Besides that you assume the cache will never grow too large. Because by copying the dictionary every time you generate a value, you have yourself an O(n^2) operation there.

Patrick Huizinga
06/16/2011 09:41 AM by
Patrick Huizinga

Meh, I guess I need to learn to type faster...

Ayende Rahien
06/16/2011 09:42 AM by
Ayende Rahien

Koen, Yes, this is an O(N) operation, basically, where N is the number of types. Then again, when you consider how many types there are, it isn't really meaningful. There are about 13,000 types in the .NET framework, for example. O(N) of that is meaningless, and it is VERY unlikely that you'll get to that level

tobi
06/16/2011 11:33 AM by
tobi

I believe there is a threading bug. The dictionary initializer will call the add method which throws on duplicate keys. And that can happen because you are repeatedly accessing the field which can change. The type you try to add could have just been added. Fix: Copy the field to a local first.

Ayende Rahien
06/16/2011 11:40 AM by
Ayende Rahien

Tobi, Nice catch, yes, it is there.

Patrick Huizinga
06/16/2011 12:41 PM by
Patrick Huizinga

Ayende,

When you add 1 item you have O(N) where N is the amount of items you already have. However, if you want to add N items it will be an O(N^2) operation.

For similar reasons people will become violent when you have:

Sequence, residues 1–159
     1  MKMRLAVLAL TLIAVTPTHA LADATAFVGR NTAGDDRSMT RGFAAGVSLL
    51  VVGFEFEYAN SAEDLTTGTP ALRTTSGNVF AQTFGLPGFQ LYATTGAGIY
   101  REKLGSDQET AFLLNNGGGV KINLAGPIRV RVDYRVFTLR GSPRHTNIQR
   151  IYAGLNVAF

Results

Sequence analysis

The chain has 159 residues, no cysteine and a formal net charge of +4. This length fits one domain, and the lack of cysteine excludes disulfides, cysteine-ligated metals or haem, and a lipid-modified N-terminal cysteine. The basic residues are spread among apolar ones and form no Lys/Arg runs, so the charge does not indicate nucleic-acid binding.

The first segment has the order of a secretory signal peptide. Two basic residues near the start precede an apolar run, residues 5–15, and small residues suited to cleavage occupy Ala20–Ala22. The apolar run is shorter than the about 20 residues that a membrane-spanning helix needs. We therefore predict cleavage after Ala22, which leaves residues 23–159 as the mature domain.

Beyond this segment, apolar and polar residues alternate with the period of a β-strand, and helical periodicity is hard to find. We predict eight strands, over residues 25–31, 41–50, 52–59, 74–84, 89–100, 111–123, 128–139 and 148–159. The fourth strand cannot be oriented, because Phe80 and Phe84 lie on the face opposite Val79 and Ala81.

string s = "";
for (int i = 0; i 

You could argue that every iteration is just an O(N) operation, but that guy with the axe won't. ;-)

Patrick Huizinga
06/16/2011 01:12 PM by
Patrick Huizinga

hmm, I guess I need to be more careful with < and > in messages.

For similar reasons people will become violent when you have:

string s = "";
for (int i = 0; i < 13000; i++)
{
    s += (char) i;
}

You could argue that every iteration is just an O(N) operation, but that guy with the axe won't. ;-)

btw, the code looked fine in the preview at the bottom, so I hereby file that bug :)

Mike
06/16/2011 03:12 PM by
Mike

@tobi, . Wouldn't your "copy to local" idea just cause new bugs? What happens two threads both copy to local variables, then add their respective types then both save. Only one of the two types would be saved. . This is nice if they both happened to be the same type as you suggest, but not so useful if they are different types. Still, I suppose it is thread safe though.

Ayende Rahien
06/16/2011 03:14 PM by
Ayende Rahien

Mike, That is the exact point of having lost writes. In a cache, this is perfectly fine to do.

Ayende Rahien
06/16/2011 03:15 PM by
Ayende Rahien